Bill to repeal Common Core standards passes committee

Bill to repeal Common Core standards passes committee
A bill to repeal Common Core standards passed the Education Policy Committee Wednesday. (Source: DONGSEON KIM)

MONTGOMERY, AL (WSFA) - A bill to repeal Common Core standards passed the Education Policy Committee Wednesday.

Senate President Pro Tem Del Marsh, R-Anniston, proposed a bill that would eliminate Common Core standards for Math and English Language Arts, also known as the Alabama College and Career Ready Standards.

“It’s time to move in a new direction,” Marsh said.

He said Alabama is 46th in the country for reading and 49th for math in the National Assessment of Educational Progress.

“That pretty much tells you it’s not working,” he said. “I’ll work with the education committee to come up with new standards, whatever I can do to help them. But we’ve got to give them direction.”

Common Core is essentially national education standards, not the curriculum. The bill said it would replace Common Core standards with the previous 2011 Math study courses and 2012 English study courses. The bill then said the State Board of Education then would update these standards before May 1, 2020.

Sally Smith with the Alabama Association of School Boards does not support the bill.

“The bill is so concerning to us, because it would actually be disruptive and put our schools in chaos," Smith said. "Imagine math teachers having to teach three different math standards. One this year, one next year and one the year after.”

Common Core supporters say the national standard helps people know how Alabama students rank.

“Having standards that are benchmarked nationally are important so that we know when our children get an 'A' in our classroom, that that would be an 'A' in Georgia, in Nevada, and in Colorado," she said.

State Superintendent Dr. Erick Mackey said he did not hear of the bill until Wednesday morning.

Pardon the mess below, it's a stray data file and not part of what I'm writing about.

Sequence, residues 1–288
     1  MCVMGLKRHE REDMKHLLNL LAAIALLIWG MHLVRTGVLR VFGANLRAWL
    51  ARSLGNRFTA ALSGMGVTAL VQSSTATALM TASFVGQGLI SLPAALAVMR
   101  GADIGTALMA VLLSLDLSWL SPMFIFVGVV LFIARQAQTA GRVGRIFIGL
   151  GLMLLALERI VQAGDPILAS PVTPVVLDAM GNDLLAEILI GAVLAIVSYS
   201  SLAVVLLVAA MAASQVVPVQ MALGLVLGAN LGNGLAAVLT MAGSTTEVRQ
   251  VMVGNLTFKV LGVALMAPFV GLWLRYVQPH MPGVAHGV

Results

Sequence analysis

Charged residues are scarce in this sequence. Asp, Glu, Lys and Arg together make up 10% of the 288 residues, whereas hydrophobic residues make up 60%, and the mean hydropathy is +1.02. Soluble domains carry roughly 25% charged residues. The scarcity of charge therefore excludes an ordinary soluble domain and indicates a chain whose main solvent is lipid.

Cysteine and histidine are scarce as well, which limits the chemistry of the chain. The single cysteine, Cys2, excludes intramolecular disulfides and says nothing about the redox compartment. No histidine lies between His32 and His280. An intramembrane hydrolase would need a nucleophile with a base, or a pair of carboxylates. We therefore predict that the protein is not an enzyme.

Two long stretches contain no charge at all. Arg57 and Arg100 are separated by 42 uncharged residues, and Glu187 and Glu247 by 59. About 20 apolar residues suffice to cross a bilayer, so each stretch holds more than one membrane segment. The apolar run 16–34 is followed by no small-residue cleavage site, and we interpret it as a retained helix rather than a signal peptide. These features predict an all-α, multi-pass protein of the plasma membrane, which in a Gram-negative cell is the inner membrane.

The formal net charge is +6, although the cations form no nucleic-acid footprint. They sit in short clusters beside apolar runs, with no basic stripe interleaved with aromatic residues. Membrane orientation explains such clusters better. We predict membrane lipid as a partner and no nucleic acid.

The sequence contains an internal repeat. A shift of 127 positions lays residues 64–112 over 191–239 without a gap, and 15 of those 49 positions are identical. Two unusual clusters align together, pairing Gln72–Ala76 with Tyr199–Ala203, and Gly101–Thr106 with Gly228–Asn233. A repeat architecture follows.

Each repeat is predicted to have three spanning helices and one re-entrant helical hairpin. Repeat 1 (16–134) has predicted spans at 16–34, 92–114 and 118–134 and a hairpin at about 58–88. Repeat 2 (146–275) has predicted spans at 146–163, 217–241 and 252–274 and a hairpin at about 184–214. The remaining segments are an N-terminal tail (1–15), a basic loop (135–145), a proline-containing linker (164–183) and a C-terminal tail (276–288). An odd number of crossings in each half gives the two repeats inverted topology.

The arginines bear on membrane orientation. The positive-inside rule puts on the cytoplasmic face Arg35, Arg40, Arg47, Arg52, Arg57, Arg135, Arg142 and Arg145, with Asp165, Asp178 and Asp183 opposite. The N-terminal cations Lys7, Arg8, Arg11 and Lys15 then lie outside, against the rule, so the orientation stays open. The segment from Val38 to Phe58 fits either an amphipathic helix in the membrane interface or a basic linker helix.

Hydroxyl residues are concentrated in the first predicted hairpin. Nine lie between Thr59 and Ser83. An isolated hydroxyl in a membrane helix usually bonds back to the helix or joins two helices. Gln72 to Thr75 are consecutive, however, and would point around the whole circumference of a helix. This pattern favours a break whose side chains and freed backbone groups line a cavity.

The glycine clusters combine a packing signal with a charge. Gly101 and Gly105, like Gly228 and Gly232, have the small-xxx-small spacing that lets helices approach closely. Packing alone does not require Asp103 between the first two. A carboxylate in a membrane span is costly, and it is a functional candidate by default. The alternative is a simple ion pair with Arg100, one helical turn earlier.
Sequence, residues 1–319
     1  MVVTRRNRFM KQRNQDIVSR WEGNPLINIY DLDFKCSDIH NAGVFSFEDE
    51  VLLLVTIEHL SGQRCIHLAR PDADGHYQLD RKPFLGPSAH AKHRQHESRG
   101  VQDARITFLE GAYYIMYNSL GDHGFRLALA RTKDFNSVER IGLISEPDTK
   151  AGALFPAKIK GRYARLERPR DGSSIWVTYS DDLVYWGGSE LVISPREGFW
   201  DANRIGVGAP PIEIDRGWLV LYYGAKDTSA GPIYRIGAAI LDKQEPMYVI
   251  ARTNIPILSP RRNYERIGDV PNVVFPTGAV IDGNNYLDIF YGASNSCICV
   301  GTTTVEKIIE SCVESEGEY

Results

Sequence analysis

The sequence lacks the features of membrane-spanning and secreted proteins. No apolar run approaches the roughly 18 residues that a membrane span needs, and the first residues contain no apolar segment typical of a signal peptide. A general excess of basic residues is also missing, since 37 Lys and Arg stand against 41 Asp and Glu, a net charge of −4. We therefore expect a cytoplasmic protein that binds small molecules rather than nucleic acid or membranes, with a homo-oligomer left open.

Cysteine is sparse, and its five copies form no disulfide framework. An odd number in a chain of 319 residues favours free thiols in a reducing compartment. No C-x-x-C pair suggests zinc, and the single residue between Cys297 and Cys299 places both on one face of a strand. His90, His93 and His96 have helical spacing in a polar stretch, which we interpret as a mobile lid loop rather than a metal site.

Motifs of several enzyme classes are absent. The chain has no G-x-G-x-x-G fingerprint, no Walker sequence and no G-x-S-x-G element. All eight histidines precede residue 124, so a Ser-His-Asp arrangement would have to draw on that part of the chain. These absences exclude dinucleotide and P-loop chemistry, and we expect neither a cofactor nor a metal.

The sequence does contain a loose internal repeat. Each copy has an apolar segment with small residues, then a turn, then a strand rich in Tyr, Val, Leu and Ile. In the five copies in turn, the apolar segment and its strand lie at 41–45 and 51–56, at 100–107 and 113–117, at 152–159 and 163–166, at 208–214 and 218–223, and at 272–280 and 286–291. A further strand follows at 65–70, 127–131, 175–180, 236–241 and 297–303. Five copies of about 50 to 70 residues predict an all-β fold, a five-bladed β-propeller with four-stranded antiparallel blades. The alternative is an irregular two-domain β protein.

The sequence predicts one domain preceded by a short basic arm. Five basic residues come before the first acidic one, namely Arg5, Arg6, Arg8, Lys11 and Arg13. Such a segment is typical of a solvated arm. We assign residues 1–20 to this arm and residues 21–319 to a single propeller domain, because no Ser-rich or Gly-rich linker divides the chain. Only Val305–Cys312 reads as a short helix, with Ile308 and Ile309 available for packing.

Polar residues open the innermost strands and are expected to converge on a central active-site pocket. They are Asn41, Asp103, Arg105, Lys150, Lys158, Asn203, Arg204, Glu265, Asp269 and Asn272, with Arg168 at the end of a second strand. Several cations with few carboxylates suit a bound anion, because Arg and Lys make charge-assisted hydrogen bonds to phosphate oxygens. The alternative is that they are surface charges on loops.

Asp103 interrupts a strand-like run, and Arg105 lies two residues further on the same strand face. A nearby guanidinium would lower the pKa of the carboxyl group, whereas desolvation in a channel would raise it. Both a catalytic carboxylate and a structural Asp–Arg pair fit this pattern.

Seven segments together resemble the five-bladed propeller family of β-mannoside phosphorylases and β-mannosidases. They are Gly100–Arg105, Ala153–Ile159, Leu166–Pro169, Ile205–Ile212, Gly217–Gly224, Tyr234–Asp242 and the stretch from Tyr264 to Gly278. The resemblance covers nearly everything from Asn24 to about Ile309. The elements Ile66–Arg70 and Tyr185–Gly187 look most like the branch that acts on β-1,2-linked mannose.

“The bill being proposed has a lot of implications and could produce a host of unintended consequences. Changing teaching standards requires a lot of expert work by dedicated education professionals. It will not happen overnight. The Department of Education and State Board have been deliberating for months over revisions to Alabama’s current Math and Reading curriculum standards and as well as new assessment practices that follow behind those standards. We understand and agree with the desire to realize greater academic success. However, reverting back to Alabama Course of Study standards adopted in the late 1990s and early 2000s would be a huge undertaking for standards that will only be used for a short period of time. Those documents were only published in print form and would need to be digitized. Also, many new teachers and administrators have cycled in and out since then; new assessment practices would have to be developed to follow the old standards. Not to mention the cost of new books, professional development, instructional resources – that will be very expensive. Another of the most glaring concerns are other areas that “adopt or implement” national standards, such as the workforce credentials offered through Career Technical Education, assessments such as ACT, SAT, NAEP National Board certification, and coding/computer science standards. We already have a plan to roll new assessments out in 2020, they are going to be the best in the nation. If we go back to standards that are 20 years old, we will have to do a change order in the testing. That could be several million more dollars. Adhering to the bill as it is written could have negative repercussions on all of these areas.”
Dr. Eric Mackey

The proposed bill also said the state school board could not adopt or implement any other national standards. Marsh said he would add an amendment to change this.

The bill is expected to hit the senate floor for a debate Wednesday and has more than 20 co-sponsors. Marsh said he plans to meet with educators the following week.

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